In Finland, the holiday is called Vappu and people have picnics and drink homemade mead during the day, but can be seen running through the streets at night wearing masks, drinking, and screaming as loud as they can. The Finns borrow heavily from the Germanic tradition of celebrating witches. It’s one of the four biggest Finnish holidays and is the biggest carnival day of the year.
Germans often leave out a piece of bread spread with butter and honey called an Ankenschnitt. This offering is left outside to appease the phantom hounds and to order to protect people from bad weather or bad harvests. They also celebrate around great bonfires and some of the youth are known to play pranks similar to the “tricks” played at Halloween.
In Bavaria, Walpurgis Night is known as a Freinacht or Drudennacht. Young people roam the neighborhoods pulling mischievous pranks, such as wrapping cars or trees in toilet paper.
Estonia refers to the holiday as Volbriöö, and celebrates witches. It precedes Kevadpüha, the day which marks the arrival of spring. Volbriöö still sees carnivals, celebration and drinking, often with people dressed as traditional witches.
In the Czech Republic, Walpurgis Night is known as Pálení čarodějnic, which translates to the “burning of the witches” in English. Witches made of rags and straw are burned in bonfires amidst plenty of drinking. Whenever a burst of black smoke is emitted from the blaze, a cheer goes up as the witch is said to have flown away.
In America, most pagans gravitate toward celebrating Beltane as it has a broader meaning. There are still some covens who use Walpurgis Night for serious spell work or other magickal rites.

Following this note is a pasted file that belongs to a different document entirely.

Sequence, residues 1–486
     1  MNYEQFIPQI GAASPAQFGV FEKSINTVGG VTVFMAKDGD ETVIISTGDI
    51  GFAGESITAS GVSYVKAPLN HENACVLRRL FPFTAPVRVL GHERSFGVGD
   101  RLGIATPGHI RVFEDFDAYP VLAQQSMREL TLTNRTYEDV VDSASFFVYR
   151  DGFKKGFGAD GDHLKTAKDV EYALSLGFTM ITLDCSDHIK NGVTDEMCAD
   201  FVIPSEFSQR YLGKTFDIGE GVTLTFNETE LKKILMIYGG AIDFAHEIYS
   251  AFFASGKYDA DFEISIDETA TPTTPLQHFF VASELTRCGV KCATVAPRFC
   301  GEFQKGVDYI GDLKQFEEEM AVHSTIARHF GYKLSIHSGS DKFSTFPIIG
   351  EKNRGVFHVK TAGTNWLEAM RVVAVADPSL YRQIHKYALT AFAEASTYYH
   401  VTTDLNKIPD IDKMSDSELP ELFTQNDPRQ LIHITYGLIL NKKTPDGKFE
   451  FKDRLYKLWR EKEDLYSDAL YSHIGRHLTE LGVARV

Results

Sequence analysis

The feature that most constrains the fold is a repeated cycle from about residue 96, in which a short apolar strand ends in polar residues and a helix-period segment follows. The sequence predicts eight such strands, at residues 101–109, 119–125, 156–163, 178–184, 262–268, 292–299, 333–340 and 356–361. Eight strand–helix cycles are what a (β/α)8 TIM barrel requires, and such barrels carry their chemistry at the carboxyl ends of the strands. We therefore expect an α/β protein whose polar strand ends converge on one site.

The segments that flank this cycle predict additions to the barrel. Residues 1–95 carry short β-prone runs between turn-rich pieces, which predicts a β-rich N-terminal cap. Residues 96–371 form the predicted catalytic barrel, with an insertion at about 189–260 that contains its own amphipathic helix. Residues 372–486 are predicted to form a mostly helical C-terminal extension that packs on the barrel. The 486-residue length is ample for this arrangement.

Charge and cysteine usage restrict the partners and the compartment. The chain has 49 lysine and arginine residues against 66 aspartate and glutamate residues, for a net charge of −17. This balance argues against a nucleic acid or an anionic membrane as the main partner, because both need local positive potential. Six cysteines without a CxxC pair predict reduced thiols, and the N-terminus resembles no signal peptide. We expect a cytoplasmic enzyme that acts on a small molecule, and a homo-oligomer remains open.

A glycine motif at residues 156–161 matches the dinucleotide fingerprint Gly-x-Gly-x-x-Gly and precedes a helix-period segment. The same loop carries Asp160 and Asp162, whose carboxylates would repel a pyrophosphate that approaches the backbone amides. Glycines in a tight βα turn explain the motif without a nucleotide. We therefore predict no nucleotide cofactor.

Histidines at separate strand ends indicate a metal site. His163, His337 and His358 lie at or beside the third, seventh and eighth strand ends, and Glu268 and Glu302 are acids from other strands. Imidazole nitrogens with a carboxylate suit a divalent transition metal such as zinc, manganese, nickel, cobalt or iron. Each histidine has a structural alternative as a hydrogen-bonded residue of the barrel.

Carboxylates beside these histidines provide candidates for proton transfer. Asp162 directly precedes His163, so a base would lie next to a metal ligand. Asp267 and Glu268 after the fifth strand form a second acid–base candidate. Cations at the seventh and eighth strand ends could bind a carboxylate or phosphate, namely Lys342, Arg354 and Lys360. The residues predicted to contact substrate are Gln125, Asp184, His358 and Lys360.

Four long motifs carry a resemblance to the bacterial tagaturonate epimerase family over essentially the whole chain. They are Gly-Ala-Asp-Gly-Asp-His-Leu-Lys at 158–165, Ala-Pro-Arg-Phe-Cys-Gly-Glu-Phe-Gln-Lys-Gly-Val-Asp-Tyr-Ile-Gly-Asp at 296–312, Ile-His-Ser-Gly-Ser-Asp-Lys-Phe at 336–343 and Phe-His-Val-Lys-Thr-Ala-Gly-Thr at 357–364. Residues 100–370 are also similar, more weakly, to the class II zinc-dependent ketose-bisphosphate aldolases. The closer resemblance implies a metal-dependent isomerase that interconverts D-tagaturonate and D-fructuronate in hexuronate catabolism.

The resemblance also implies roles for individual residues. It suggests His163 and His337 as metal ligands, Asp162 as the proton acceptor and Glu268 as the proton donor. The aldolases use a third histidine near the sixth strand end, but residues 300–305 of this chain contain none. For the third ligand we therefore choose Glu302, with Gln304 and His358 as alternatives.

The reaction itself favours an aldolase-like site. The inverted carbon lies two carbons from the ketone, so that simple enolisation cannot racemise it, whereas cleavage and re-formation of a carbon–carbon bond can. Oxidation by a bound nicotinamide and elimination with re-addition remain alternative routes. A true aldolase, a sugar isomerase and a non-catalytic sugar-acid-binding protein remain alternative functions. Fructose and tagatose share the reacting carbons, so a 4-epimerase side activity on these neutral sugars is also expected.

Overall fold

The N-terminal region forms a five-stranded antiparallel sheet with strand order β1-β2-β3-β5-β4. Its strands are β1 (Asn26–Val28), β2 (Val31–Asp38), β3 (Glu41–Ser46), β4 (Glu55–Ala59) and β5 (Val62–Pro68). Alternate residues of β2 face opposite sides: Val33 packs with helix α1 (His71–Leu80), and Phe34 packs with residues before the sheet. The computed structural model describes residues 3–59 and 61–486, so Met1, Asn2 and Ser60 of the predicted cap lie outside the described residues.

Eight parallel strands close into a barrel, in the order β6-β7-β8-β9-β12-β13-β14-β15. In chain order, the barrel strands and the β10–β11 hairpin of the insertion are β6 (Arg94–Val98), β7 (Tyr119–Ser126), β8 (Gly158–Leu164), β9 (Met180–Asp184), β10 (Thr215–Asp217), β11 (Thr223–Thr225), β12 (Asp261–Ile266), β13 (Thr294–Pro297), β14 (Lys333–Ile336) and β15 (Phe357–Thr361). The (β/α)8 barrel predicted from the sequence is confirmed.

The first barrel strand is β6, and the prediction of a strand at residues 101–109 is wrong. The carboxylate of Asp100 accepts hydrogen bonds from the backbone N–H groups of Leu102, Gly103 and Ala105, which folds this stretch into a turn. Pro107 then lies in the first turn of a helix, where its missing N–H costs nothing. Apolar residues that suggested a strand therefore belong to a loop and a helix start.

Walpurgisnacht and Beltane
Many modern pagans have confused Walpurgis with Beltane; likely due to their proximity on the calendar. They share many similar customs but there are distinct differences between the two. Beltane is a Celtic festival held on the 1st of May to celebrate the beginning of summer and opening of the pastures to livestock. Walpurgisnacht is Germanic and occurs the night before Beltane. And while Beltane has kept it’s original focus, Walpurgis has morphed into a witchy occasion, which is ironic since it was originally focused on driving witches and their influences away.
Witches have been feared for as long as witches have existed; usually for the wrong reasons, but nevertheless feared. The so-called witch gatherings on the mountain were likely just groups of pagans who refused to relinquish their old ways and submit to the yoke of Christianity. They probably chose the location due to its remoteness to avoid persecution. The church made no secrets about their goals of destroying all of the ancient beliefs and often would merge an old belief with one of theirs, eventually pushing people to abandon the older portions and replacing them with the church versions. What’s amazing about Walpurgisnacht is that instead of making a pagan holiday Christian, the church and time, made it more pagan than ever.
So, this April 30th, get your witch on!